San Francisco Landmarks
The Flatiron Building, designed by Havens & Toepke, is one of the few, and most distinctive flatirons on Market Street. Flatirons were common north of Market both before and after the 1906 Earthquake and Fire, but the destruction of such outstanding structures as the 1892 Crocker Building at Post and Market for high-rises and plazas has made the form rare.
The skeletal structure of the building is well-adapted to an unusual (for San Francisco) Gothic treatment in which tripartite bays are separated by thin piers of reinforced concrete scored to imitate masonry. A highly distinctive cantilevered cornice of Gothic pendants appears to be a prototype for Willis Polk's 1917 Hallidie Building one block west. Described in 1913 as "pure English Gothic," the medieval ornament also is used for interior railings, grilles, and elevator doors.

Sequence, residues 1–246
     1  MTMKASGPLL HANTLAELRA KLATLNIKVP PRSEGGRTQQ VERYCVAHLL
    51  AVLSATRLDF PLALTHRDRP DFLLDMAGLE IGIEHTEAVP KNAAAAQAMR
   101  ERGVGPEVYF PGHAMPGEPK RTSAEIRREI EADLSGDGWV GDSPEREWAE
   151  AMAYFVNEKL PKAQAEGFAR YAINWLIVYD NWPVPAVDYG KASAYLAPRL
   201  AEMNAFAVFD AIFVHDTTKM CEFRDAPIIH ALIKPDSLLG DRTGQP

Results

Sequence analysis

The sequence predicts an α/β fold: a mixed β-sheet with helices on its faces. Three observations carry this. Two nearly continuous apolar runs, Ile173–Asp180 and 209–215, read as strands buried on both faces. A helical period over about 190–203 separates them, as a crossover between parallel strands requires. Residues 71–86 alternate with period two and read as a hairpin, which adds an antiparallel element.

The Flatiron Building (backed by the Hobart Building) is made all the more prominent by adjacent Zellerbach Plaza while its northern frontage defines the ends of both Sutter and Sansome Streets. It contributes stronglY to a richly textured and detailed historic enclave around the northern and western sides of Zellerbach Plaza.
Adapted from San Francisco Landmarks Preservation Advisory Board Final Case Report dated 16 December 1981
Flatiron buildings are among the earliest skyscrapers erected in North American cities such as New York City, Chicago, San Francisco, Chattanooga, Fort Worth, Atlanta, Toronto and Vancouver. Their triangular shape was determined by real estate parcels created by diagonal streets, such as Broadway in Manhattan and Market in San Francisco, slicing through an urban grid. They were named for their resemblance to clothes irons of the period.
The most famous flatiron building is the Fuller Building, generally regarded as New York City's first skyscraper. It was designed by Daniel H. Burnham, built in 1902, famously photographed by Edward Steichen, and perhaps responsible for the Jazz Age terms 23 skidoo and scram.